When dining out, most people either order drinks they like without thinking about the food they're eating, or they match them only on a basic level – red wine for red meat, white wine with fish or chicken, for example. While this works to a point, you could be missing out on a world of flavour matches that can really bring the dishes to life by adding a wonderful new element.
Next time you go out for a seafood meal, try one of these suggestions instead of picking a house wine without thinking. You're guaranteed a totally different food experience than you're used to.
Light, ice cold lager is almost like the beer equivalent of a white wine, so it makes a solid choice for pairing with seafood. However, for a bit more depth of flavour, a citrusy IPA with hops like Citra or cascade will challenge your taste buds and provide an excellent companion to the time-honoured fish and lemon pairing. The tropical elements to Citra-based beers are particularly good with spicy seafood dishes.
If you really want to get into fruity territory, try a Belgian beer with actual fruit added; orange or grapefruit work wonderfully.
Of course, it doesn't have to be all light, fruity beers. A rich dark stout is a classic companion to fresh oysters, and it can make a great complement for all kinds of shellfish.
So, white wine is what you'd typically expect with seafood, but why not go a bit deeper? Instead of choosing whatever you like the sound of on the wine list, look specifically for a dry riesling, which will lend a pleasantly sharp component to the meal.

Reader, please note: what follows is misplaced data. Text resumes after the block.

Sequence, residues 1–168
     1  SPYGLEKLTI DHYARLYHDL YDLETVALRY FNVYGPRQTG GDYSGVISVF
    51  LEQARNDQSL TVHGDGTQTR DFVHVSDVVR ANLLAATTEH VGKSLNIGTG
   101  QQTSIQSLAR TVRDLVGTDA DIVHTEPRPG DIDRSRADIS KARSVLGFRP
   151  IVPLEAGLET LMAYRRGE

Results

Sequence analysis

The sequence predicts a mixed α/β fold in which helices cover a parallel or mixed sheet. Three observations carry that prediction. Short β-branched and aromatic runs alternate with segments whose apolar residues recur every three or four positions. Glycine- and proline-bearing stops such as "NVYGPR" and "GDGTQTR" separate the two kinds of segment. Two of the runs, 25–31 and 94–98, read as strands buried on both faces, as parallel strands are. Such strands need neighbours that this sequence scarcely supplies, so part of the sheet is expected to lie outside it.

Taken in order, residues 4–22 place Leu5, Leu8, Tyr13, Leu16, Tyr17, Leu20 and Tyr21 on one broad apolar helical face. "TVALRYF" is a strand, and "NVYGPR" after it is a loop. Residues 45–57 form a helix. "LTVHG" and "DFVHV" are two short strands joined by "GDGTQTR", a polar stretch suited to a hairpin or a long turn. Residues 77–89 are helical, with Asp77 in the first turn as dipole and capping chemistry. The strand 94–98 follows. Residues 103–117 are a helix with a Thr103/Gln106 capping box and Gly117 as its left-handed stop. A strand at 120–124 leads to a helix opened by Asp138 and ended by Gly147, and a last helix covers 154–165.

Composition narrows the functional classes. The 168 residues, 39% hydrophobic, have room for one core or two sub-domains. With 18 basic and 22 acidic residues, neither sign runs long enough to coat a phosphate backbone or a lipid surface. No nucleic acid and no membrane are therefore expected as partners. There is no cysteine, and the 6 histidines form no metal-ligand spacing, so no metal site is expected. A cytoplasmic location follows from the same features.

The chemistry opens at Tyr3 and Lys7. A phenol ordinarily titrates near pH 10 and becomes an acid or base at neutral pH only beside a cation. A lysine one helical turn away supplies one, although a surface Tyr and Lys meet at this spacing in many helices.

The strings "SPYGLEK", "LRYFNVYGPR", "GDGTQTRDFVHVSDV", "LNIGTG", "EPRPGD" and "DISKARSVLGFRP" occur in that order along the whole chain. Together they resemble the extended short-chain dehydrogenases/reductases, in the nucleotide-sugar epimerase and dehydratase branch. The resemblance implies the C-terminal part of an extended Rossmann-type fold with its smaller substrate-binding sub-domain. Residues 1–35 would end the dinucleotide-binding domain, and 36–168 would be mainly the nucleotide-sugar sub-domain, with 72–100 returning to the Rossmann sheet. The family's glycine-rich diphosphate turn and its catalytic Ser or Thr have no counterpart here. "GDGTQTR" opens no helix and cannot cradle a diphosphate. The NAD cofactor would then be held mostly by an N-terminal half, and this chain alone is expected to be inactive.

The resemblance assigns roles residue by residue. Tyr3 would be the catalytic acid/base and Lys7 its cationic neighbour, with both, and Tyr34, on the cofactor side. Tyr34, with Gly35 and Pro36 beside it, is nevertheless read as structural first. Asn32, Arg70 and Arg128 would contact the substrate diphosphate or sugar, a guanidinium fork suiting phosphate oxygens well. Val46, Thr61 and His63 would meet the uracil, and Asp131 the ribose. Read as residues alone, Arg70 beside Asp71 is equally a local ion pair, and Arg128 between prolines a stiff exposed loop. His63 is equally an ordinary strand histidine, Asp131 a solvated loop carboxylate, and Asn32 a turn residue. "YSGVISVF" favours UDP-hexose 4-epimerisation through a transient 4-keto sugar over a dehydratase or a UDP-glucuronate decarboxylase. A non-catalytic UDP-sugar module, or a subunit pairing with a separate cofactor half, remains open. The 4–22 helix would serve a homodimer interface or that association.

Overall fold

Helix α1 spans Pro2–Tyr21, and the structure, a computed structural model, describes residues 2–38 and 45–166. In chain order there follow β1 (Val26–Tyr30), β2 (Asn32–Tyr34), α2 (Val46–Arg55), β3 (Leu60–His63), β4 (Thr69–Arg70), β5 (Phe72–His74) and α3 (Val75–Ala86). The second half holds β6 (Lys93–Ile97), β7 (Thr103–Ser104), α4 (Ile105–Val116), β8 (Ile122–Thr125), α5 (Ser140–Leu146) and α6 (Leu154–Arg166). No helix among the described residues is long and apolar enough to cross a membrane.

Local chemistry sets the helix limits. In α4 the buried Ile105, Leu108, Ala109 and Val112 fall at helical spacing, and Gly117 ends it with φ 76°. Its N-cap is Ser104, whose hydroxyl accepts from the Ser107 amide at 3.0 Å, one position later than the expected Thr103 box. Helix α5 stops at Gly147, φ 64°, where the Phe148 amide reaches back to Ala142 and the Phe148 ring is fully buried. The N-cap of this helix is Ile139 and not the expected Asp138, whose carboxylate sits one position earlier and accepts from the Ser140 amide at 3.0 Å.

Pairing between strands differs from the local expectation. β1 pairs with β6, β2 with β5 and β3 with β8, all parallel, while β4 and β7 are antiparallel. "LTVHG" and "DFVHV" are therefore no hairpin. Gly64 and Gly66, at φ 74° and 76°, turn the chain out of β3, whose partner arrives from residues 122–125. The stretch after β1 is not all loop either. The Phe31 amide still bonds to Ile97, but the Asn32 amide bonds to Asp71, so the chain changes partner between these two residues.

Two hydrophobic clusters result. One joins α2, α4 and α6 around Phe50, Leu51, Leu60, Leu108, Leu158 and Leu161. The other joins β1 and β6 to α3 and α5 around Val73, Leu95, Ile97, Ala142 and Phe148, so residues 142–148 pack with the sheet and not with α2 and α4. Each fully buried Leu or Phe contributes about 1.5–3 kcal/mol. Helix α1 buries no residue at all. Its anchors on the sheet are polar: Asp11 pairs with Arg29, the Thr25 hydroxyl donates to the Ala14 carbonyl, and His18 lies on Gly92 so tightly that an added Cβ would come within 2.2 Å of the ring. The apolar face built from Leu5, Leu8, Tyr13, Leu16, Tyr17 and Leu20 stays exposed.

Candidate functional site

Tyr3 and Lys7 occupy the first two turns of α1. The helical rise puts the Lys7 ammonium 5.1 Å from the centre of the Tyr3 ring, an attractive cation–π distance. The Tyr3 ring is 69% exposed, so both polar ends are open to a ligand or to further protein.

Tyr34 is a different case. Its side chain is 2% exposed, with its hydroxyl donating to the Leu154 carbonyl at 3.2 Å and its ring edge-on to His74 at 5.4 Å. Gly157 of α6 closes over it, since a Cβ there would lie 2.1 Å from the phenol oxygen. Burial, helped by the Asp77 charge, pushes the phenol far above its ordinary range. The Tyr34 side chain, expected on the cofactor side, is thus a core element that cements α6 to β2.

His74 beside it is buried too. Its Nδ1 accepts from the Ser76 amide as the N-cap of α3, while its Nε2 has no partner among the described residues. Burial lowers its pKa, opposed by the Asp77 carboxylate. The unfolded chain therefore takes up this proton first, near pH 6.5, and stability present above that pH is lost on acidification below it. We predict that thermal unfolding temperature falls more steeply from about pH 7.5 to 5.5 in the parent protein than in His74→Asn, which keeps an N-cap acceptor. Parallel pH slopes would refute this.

For something a bit different, try a red. Shiraz and Merlot are particularly appropriate choices for drinking with fish, especially if it's been cooked over a grill. Or go for a pink wine with your pink fish: a medium-dry rose with salmon is a match made in heaven.
For the truly adventurous, cocktails give you a much bigger range of flavours to play with. Try a classic bloody Mary with prawn cocktails and other cold seafood dishes for a perfect combination.
On a hot summer's day, the prominent lime of a margarita goes with all sorts of seafood dishes, especially those involving flaky fish. For a drink to spend more time over during the evening, a classic dry martini will really make your day, especially if it's made with a particularly juniper-heavy gin.Share